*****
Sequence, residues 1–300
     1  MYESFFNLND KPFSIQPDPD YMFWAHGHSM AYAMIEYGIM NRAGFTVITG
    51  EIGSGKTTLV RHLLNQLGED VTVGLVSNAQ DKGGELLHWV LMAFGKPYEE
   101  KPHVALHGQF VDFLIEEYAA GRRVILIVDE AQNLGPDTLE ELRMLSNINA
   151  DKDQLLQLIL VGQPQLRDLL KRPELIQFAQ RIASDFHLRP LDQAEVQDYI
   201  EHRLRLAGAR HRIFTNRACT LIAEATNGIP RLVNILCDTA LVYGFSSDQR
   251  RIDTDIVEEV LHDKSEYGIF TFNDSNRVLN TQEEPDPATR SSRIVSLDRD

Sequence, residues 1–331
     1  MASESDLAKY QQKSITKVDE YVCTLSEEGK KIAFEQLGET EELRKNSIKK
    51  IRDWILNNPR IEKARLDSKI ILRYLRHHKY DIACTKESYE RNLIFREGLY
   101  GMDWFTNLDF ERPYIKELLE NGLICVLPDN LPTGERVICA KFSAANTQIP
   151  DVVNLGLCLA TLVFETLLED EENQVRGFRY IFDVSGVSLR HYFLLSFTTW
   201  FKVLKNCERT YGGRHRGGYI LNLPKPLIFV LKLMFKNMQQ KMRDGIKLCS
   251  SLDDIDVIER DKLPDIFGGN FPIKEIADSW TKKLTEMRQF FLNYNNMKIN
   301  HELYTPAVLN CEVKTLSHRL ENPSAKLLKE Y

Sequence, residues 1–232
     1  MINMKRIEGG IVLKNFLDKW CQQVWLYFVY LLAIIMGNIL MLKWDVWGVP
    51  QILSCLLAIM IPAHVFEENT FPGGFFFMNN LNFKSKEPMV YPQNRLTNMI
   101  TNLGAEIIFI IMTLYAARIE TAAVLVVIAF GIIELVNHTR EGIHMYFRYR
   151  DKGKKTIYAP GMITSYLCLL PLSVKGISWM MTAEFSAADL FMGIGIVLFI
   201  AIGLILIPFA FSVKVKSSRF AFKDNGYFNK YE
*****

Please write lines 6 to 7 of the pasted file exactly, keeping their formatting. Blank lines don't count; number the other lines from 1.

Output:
   201  EHRLRLAGAR HRIFTNRACT LIAEATNGIP RLVNILCDTA LVYGFSSDQR
   251  RIDTDIVEEV LHDKSEYGIF TFNDSNRVLN TQEEPDPATR SSRIVSLDRD